Women’s Day In Armenia.

IMG_1556Garik our office accountant brought me this beautiful plant. Ashot and Davit spent their own money to bring me another one just as lovely. The lady in the flower-shop, busy with the annual rush that comes on Women’s Day every March 8, shouted a cheery Shnorhavor as I walked by.

In common with just about every other woman in Goris, I went to My Lady salon to have my hair done. They fitted me in for a blow-dry even though the place was heaving with women enjoying their day off and getting dolled up for a rare night out. Cafe Deluxe is ready for them. On evenings at this time of year it is usually populated only by small groups of men drinking coffee, vodka or beer but tonight they expect lots of families celebrating the women who keep  their lives running. The tables and doors have been decorated with red and gold 8s in honor of the day. The owner has stocked up on cake and ice-cream.

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Here in Armenia, Women’s Day is a mix between St Valentines Day, Mothers Day and Teacher appreciation day in the US. Artur bought Aleta long-stemmed roses. Natalie went to a school party at our biggest hotel. (I haven’t yet had the debrief, but there was to be dancing. With boys). My poetry pupils in Halidzor bought me a sunny IMG_1558yellow flower in a tiny pot.  The streets were thronged with people out to visit and chat. I caught up with Haykush as she made dolma, and interrupted Nina as she was mopping the floor. They were both in high good spirits, but Women’s day didn’t seem to have reduced their workload very much.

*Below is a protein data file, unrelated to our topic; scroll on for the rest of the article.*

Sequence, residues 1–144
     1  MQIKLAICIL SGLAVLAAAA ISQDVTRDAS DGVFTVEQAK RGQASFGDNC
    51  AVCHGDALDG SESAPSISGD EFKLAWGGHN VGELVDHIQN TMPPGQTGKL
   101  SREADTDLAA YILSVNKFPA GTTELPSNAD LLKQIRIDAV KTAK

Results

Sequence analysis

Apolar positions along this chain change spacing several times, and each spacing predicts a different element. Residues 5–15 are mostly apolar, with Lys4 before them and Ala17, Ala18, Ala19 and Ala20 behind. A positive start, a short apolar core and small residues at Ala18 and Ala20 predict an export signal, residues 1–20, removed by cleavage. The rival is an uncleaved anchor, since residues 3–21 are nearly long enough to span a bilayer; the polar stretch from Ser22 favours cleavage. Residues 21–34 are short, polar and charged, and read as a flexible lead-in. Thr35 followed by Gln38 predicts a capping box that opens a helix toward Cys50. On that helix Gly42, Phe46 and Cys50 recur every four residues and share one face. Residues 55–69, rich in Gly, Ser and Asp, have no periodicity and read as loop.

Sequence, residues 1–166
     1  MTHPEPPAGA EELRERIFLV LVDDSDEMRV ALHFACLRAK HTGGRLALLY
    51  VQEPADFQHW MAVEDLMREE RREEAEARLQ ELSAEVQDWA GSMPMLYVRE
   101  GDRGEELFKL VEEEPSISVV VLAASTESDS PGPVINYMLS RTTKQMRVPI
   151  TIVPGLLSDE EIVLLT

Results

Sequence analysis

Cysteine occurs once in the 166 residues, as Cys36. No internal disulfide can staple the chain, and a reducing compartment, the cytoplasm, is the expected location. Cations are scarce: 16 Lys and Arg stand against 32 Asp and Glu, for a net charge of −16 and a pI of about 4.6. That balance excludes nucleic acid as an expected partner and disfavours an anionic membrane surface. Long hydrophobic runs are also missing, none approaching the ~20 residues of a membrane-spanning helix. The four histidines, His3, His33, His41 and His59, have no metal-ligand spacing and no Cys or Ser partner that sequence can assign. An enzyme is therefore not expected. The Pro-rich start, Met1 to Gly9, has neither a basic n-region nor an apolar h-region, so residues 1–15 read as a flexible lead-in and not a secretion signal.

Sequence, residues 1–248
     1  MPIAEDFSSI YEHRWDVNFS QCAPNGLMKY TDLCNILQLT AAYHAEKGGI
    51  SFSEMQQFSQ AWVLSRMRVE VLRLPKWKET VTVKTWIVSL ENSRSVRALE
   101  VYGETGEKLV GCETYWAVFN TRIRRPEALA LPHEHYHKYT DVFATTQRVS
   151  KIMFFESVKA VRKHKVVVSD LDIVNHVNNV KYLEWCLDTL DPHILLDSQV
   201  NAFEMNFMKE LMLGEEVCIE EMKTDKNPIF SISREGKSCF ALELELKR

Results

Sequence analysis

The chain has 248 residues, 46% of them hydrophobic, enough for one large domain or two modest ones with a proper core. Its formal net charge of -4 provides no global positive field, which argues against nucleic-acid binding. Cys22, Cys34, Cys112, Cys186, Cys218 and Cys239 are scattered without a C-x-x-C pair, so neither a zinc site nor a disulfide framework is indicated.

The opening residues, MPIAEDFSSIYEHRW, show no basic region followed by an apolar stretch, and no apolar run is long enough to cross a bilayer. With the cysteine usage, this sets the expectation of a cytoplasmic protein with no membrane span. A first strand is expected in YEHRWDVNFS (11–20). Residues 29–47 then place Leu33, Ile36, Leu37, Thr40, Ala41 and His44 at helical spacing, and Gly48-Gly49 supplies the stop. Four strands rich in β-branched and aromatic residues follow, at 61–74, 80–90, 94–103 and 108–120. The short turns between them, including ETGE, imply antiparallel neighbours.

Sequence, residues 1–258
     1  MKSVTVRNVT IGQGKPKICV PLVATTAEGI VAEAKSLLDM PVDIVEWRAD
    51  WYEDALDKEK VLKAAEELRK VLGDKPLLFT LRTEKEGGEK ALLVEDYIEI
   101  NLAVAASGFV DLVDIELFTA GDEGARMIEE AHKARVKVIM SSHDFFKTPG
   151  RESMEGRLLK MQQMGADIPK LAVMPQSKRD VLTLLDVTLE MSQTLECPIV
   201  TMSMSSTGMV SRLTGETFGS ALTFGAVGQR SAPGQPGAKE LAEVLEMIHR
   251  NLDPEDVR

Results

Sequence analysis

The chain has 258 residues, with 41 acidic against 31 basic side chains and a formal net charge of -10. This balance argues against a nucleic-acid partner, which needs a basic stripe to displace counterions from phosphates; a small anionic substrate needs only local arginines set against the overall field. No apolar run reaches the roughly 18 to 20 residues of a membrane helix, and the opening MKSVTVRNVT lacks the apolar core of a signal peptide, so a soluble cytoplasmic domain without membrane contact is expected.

In the US, International Women’s Day is not a public holiday. It is more of a campaign day than a festival, and those of us who mark it do so to honor crusading women who changed things for us; and to draw attention to women at home and all over the world who still have to put up with unfairness, lack of autonomy and abuse.  It is not much fun, and it is a pity it has to be done…but there we are. In honor of the British suffragettes who won the vote for (some) women in the UK one hundred years ago, I wore a green and purple dress today.  While Emmeline and the Pankhurst posse were shingling their crowning glory and giving  voice to their sense of injustice, many women in the Caucasus were still covering their hair and sometimes even their faces from nose to chin with white or black cloth (the color depended on age and marital status) and keeping silent—obedient shadows of their fathers, brothers and husbands. I have seen  pictures from the 1920s that show women in Goris dressed this way. Times change of course and no woman in Armenia wears this headwear today, although it still remains a very visible part of the cultural memory. 2018-03-08An elementary school girl, asked to draw a picture of a local icon a couple of weeks ago produced this picture of a Hay woman in traditional garb.